Sometimes it could be possibele that some compounds in larger levels are present in the product and their levels are very stronlgy related to the level of the enzyme. If this condiion prevails, there is a possibility to fairly well estimate the enzyme level indirectly through the spectral changes of these compounds. The main problem in such a situation is that if for some reason this condition ceases to exist, the calibration will be useles.
Overall I have very litle faith in claims such this website claims that they have calibration for prbably micrograms of an enzyme
The situation with salt is somewhat similar, but more reliable because salt doesn't have its own spectrum, but being in ionic state and maybe electrically "tied" to protein polar points it exerts a specific measurable effect on the spectrum. The salt however is in higher levels and it ismpact on the spectrum is quite evident and measurable
I hope this is of help to you
Gabi Levin, Ph.D

khaled's picture

Hi to all,
Just to share my experience that previously we have success made calibrations of Pepsin Digestibility in Fish Meal with 4000 spectrum and we get RSQ/1-VR 0.8 -0.85.
RMSECV was about 1.1, and the instrument was FOSS 5000 model.
Pepsin digest is depend on the type of the fish meat which are used to make the fishmeal, and process parameter (such as heat) that can effet the protein become less digestible.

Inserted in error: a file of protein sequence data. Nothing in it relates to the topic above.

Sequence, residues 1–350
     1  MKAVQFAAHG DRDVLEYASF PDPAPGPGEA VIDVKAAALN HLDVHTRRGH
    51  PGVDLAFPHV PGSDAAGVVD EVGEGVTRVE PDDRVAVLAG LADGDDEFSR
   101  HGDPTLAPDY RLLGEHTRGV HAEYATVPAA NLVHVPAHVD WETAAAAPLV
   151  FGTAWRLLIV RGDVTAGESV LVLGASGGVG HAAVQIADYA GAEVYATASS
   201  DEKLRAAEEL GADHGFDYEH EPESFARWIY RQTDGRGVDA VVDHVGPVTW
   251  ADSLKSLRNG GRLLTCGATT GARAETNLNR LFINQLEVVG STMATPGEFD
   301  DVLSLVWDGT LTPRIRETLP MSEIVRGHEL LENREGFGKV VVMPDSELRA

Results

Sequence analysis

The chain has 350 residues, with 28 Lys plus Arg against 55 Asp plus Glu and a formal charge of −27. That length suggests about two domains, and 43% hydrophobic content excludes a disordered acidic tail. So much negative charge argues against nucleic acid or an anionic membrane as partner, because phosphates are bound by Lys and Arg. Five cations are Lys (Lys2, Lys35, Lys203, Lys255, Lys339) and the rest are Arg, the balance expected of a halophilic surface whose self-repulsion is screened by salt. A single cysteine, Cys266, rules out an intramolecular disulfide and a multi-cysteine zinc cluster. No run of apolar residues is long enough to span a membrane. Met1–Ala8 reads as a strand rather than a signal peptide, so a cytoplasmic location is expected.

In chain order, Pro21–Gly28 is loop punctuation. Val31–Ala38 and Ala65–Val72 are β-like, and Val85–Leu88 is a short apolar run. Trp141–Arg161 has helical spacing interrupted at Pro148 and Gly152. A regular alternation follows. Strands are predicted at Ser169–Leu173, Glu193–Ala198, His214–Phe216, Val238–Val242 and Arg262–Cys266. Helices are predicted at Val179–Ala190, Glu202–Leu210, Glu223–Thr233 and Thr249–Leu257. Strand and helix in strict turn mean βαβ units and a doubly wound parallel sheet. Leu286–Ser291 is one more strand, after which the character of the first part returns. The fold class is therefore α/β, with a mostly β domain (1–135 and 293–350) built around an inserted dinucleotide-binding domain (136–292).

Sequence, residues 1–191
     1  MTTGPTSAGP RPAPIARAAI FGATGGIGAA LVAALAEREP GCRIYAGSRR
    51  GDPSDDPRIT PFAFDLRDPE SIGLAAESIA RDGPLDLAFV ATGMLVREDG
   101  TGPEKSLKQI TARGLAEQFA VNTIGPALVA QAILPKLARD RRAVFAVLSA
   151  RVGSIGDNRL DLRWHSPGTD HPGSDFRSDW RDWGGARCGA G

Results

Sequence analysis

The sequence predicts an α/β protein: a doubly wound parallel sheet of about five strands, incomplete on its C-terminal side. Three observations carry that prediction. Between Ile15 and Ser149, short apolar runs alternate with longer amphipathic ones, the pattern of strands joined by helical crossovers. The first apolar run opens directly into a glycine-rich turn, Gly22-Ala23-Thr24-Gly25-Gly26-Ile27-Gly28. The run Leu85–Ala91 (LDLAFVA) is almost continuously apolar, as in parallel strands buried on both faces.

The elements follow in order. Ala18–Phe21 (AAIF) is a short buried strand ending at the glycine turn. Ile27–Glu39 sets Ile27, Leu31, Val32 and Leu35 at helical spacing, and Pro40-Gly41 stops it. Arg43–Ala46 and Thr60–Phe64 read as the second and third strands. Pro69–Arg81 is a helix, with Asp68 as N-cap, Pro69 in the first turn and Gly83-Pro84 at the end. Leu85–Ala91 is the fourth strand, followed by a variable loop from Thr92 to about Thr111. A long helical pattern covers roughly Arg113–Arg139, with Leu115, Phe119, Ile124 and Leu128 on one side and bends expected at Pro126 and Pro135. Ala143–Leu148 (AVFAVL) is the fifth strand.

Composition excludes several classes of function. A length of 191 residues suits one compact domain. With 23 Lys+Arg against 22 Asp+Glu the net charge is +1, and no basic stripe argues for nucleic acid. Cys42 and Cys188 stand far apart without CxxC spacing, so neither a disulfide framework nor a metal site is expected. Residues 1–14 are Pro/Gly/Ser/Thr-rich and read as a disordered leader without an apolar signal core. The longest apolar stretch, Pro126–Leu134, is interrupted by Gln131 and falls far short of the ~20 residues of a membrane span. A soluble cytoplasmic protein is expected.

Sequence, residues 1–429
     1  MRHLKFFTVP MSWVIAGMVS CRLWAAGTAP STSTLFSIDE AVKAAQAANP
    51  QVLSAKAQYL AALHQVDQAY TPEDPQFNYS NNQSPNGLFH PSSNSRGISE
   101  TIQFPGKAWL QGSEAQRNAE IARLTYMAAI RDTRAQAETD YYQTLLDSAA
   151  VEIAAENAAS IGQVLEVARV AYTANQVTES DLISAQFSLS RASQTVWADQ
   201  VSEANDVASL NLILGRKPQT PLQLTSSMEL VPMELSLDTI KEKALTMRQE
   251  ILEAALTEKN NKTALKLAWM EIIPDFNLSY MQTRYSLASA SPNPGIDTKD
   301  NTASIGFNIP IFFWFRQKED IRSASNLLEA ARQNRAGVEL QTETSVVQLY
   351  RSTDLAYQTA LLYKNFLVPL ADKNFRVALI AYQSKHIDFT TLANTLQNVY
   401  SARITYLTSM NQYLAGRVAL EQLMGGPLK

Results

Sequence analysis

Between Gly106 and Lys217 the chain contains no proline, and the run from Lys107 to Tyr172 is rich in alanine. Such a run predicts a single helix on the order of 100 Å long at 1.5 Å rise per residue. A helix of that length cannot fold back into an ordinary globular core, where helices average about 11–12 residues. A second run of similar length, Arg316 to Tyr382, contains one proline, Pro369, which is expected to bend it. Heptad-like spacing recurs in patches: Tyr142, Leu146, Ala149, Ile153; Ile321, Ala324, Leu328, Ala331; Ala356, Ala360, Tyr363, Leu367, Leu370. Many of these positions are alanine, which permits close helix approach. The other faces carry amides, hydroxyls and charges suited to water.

Both above factor are recorded in NIR spectrum that is why NIR can be used to predict The digestibility of the fish meal.

Dear Nihlt,
I would say to you that you have the chance to develop that on NIR but you need more spectrum and good laboratory to produce reliable data.
Good luck.

Khaled Sungkar.

ianm's picture

Before you attempt using these "factory-type" calibrations be sure to verify the reproducibility of all of your reference methods, and of the quality of the spectra that you will obtain from the material for which you are planning to use your instrument.

(posted by Ian Michael on behalf of Phil Williams)

khaled's picture

Agree with Ian, reproducibility of the reference method play the critical part.
Pepsin digestibilty lab analysis is not easy, it need lab technician with more experienced and good skills.

Best regards,
Khaled Sungkar

gabiruth's picture

Dear all
Reference method quality is a fundamental requirement. Without it there is no hope to achieve anything. I will be pleased to share another related fundamental requirement on reference data
If the range over which the calibration is done is R then the maximum allowed uncertainty in the reference values shall obey the following
U < Rx0.05 i.e. the U shall be smaller than 5% of the range. For a range of 80 to 97 i.e. 17% the U shall be less than 17x0.05=0.85. For better qualit I usually demand that U shall be smaller than 0.4xR and it helps. Therefore when you check the quality of the ref data be sure to check your quality against this requirement
I hope it helps
Gabi Levin, Ph.D.

gabiruth's picture

My apology for a typo error
I demand that U shall be smaller than 0.04xR of course
Gabi Levin